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Targeting angiogenesis has emerged as a promising strategy for cancer treatment. Methylseleninic acid (MSA) is a metabolite of selenium (Se) in animal cells that exhibits and anti-cancer activities exceeding Se nutritional requirements. However, it remains unclear whether MSA exerts its effects on cancer prevention by influencing angiogenesis within Se nutritional levels. For the current study, we focused on molecular mechanisms by which MSA inhibited angiogenesis.
The effect of MSA on angiogenesis was evaluated in vitro, ex vivo and in vivo through the tube formation assay, the aortic ring assay and the chick chorioallantoic membrane model, respectively.
Herein, we demonstrate that MSA inhibited angiogenesis at 2μM, which falls in the range of moderate Se nutritional status. We found that MSA increased cell adherence, while inhibiting cell migration and tube formation in vitro. Moreover, MSA effectively inhibited the sprouts of mouse aortic rings and neoangiogenesis in chick embryo chorioallantoic membrane. We also found that MSA down-regulated integrin β3 at the levels of mRNA and protein, and disrupted the clustering of integrin β3. Additionally, results showed that MSA inhibited the phosphorylation of AKT, IκBα, and NFκB.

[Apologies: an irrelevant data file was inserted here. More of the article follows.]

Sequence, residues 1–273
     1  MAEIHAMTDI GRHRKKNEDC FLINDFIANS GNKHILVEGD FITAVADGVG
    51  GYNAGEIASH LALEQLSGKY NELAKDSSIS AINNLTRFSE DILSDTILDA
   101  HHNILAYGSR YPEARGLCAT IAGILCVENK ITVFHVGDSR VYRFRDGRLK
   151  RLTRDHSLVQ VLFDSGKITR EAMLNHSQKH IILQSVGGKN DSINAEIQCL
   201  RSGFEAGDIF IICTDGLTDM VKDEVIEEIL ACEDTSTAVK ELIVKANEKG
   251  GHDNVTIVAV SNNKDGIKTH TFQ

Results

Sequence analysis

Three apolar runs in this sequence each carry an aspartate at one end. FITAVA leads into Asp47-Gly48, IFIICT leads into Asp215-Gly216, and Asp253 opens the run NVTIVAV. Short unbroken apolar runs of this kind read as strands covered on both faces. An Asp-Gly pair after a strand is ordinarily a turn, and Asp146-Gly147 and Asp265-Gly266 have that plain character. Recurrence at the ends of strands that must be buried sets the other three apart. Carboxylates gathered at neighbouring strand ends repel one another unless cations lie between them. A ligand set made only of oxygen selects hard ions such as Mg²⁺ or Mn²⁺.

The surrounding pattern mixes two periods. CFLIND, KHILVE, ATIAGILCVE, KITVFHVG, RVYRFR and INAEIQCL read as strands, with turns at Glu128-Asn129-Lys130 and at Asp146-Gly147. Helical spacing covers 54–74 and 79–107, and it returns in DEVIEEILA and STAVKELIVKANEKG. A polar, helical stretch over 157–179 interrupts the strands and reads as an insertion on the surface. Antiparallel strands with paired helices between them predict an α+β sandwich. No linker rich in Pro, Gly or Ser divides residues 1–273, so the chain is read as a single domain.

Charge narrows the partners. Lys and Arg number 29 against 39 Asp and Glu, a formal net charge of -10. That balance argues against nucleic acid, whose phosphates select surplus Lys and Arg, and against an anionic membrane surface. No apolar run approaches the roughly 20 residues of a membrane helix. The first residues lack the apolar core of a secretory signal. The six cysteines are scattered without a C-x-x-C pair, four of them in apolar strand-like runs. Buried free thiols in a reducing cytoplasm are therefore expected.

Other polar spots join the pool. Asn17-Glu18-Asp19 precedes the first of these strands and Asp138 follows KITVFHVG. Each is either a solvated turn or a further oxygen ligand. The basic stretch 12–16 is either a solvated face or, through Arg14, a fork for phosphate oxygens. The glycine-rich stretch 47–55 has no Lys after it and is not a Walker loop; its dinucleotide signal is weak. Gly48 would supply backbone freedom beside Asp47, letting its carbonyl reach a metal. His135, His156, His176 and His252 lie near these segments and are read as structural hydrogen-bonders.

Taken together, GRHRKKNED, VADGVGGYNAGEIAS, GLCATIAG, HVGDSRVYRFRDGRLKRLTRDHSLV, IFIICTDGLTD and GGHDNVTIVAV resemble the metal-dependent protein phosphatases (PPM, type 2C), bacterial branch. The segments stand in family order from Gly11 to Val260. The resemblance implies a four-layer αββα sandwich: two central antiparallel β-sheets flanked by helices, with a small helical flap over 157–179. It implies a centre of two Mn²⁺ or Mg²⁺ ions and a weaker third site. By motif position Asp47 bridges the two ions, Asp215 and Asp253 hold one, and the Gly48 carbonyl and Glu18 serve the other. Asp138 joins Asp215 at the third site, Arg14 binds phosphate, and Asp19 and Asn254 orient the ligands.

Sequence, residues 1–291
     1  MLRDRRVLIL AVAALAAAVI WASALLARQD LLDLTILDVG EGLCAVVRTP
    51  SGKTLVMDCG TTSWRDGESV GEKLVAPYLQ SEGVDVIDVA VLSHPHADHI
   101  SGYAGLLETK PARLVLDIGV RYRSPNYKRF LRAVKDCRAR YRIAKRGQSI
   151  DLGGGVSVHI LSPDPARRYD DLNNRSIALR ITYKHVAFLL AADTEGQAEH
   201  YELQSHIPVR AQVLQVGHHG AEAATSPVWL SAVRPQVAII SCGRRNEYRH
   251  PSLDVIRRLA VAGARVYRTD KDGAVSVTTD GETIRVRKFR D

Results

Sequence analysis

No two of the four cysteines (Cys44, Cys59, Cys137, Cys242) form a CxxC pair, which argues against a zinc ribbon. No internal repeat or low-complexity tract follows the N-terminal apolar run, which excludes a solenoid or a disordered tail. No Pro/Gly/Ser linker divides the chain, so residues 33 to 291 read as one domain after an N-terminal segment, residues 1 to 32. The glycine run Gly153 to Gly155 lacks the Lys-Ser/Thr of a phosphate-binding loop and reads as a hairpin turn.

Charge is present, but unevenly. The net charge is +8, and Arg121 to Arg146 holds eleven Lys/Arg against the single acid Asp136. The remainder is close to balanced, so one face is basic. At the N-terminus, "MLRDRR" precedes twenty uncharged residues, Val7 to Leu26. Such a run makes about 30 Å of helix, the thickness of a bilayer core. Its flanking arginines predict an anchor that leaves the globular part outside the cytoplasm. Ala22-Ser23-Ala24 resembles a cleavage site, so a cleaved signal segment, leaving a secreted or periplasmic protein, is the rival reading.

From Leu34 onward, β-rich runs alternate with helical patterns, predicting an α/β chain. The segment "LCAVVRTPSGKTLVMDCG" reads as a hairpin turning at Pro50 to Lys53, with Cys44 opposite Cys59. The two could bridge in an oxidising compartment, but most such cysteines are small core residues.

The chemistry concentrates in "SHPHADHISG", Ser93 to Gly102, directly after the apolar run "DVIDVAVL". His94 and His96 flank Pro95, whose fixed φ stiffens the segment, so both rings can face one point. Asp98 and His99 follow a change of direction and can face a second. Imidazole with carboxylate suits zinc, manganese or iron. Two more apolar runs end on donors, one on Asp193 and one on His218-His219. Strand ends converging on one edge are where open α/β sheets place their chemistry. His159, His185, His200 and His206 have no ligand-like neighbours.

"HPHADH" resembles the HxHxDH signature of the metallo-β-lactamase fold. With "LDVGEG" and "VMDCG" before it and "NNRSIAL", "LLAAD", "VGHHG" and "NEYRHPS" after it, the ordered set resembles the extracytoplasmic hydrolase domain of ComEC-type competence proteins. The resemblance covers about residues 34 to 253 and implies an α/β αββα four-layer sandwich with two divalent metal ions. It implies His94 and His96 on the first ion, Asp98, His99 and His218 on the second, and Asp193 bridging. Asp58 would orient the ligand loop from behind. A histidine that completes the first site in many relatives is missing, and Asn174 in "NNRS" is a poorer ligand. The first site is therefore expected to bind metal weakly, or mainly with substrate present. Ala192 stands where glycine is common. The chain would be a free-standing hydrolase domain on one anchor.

Overall, our results suggest that exogenous MSA inhibited angiogenesis at nutritional Se levels by down-regulating and disorganizing the clustering of integrin β3, which further inhibited the phosphorylation signaling cascade involving AKT, IκBα, NFκB. These findings provide novel mechanistic insight into the function of MSA for regulating angiogenesis and suggest that MSA could be a potential candidate or adjuvant for anti-tumor therapy.